I still believe the 'Cuse has a shot at the Final Four. The Orange men just need to battle through a tough stretch that all teams endure during the course of a long season.

* Jimmy Clausen won't be able to work out at next week's NFL Scouting Combine because he's still recuperating from surgery to repair a torn tendon in his right big toe. No big deal. The Notre Dame quarterback will still be able to work out for the scouts at a Pro Day he'll hold on campus in the spring.

* I'm thinking the best the Bills can do is a third-rounder for Marshawn Lynch, given all the baggage he's carrying. And even that might be optimistic on my part.

* As the parent of a University at Buffalo student, I experienced some anxious moments yesterday after hearing reports that a man with a gun had entered one of the school's libraries. Fortunately, no gunman was discovered and I was able to make contact with my son via cellphone.

* I love watching those Olympic skiers traverse those mogul courses, but I wonder what shape their knees and backs are going to be in when they turn 40. Of course, you could wonder the same about football players.

* It appears this could be the final time active NHL players participate in the Winter Olympics. And you can't blame them. Interrupting your season for three weeks isn't fair to the fans, the majority of whom would rather see a Stanley Cup than a gold medal.

* What are the odds of this? Michael Jordan, arguably the greatest basketball player of all-time, and Jim Brown, arguably the greatest football and lacrosse player of all-time, were born on February 17. His Airness is 47, while Brown is 74.

* Mark Twain once complained, tongue-in-cheek, that everybody complains about the weather, but nobody does anything about it. I thought about that sage remark while watching Vancouver Olympic officials busing in snow while dealing with 50-degree temperatures and rain for much of the first week. Blame the International Olympic Committee for the problems because moderate temperatures and rain are the norm not the exception this time of the year in that part of Canada. It's not nice to fool Mother Nature.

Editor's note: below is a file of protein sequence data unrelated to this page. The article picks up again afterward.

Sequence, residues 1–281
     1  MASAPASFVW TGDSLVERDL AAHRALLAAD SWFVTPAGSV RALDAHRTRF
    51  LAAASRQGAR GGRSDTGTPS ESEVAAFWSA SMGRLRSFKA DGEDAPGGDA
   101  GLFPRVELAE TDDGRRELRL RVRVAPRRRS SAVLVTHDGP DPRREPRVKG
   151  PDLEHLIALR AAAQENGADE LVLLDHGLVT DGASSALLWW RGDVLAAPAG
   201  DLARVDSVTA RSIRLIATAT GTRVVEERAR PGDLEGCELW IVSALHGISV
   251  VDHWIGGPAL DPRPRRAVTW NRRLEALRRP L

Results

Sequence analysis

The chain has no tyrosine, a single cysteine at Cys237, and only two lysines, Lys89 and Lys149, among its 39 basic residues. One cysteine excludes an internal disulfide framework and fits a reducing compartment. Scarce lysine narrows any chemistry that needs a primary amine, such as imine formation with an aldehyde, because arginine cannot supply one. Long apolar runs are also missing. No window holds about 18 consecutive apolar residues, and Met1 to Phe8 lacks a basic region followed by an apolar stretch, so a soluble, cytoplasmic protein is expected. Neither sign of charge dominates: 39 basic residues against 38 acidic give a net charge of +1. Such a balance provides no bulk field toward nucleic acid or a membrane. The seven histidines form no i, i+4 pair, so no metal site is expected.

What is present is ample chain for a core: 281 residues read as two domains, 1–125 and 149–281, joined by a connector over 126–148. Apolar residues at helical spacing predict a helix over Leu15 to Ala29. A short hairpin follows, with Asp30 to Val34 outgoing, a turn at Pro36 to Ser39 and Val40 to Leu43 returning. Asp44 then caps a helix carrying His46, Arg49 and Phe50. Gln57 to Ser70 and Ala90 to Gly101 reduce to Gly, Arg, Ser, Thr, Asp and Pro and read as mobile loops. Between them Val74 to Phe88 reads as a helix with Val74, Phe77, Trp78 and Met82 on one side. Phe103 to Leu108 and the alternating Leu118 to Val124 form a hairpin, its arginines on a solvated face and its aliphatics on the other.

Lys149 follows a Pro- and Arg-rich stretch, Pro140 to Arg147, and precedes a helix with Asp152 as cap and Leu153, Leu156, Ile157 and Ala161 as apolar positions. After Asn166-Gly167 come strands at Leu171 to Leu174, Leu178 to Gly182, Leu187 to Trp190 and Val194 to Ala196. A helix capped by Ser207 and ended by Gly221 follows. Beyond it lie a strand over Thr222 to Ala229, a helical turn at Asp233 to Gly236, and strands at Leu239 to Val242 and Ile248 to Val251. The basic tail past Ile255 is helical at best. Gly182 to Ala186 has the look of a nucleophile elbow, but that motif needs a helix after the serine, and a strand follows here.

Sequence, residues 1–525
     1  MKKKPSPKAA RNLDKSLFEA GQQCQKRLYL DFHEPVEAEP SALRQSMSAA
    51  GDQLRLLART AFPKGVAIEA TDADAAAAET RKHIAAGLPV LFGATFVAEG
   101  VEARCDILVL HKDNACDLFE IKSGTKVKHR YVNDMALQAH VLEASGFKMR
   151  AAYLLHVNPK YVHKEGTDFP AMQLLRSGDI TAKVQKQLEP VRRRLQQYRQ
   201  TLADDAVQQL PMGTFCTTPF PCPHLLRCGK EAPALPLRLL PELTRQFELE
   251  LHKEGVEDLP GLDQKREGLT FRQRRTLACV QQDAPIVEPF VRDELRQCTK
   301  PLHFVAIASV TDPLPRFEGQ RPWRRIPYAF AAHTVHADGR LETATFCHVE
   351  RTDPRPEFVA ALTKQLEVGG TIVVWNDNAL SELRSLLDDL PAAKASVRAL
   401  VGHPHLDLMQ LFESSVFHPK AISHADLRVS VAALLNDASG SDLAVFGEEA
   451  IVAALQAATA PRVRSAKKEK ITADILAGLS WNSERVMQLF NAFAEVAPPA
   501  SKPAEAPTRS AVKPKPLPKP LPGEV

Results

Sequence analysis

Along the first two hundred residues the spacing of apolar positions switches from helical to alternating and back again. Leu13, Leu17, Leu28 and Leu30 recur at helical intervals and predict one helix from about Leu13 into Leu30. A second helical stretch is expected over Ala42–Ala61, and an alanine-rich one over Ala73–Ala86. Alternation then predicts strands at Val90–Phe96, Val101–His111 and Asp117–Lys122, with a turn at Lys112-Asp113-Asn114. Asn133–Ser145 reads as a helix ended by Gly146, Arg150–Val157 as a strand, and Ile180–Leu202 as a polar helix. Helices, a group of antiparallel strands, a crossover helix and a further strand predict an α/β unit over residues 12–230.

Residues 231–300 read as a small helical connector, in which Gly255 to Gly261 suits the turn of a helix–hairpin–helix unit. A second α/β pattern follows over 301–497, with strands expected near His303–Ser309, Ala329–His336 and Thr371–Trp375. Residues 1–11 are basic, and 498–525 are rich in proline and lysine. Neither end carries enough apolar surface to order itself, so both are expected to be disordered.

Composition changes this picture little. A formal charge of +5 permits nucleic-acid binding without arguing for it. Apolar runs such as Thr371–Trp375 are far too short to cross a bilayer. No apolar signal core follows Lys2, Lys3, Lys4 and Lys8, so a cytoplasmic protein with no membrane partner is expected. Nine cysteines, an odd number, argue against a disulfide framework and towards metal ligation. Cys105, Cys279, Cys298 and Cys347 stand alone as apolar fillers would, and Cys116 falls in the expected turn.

* From the don't-let-the-facts-get-in-the-way-of-a-good-story department: NFL officials claim that Super Bowl 44 was the most watched television show in history. Methinks there's more than a billion viewers in China who would beg to differ. The Olympic basketball game between China and the USA in 2008 drew more than a billion viewers worldwide, about 10 times as many people as Super Bowl 44. And the World Cup regularly attracts that many viewers.

* Pitchers and catchers report today, a sign that spring can't be too far away.

* In retrospect, I'm glad I didn't drag Beth to the Carrier Dome on Valentine's Day. There wasn't much romantic about the Cuse's performance in that loss to Louisville.

* This is how ludicrous things have become in the world of sports: 13-year-old David Sills of Wilmington, Del. received a football scholarship from Southern Cal coach Lane Kiffin recently.

* COMING ATTRACTIONS (ALSO KNOWN AS A SHAMELESS PLUG): Looking forward to giving a lecture and doing a book-signing at Syracuse University's Bird Library Thursday afternoon at 5. I'll be talking about the historical, cultural and emotional significance of old Yankee Stadium. It's free and open to the public, so if you happen to be in the area, please stop by.

Friday, February 12, 2010

McNabb wouldn't be Bledsoe II, but it's probably a moot point now any way

Not surprisingly, my suggestion that the Bills trade a first-round pick for Eagles quarterback Donovan McNabb stirred up some passionate responses. Roughly 60 percent were in favor of the move, but the 40 percent who opposed it clearly were more vehement.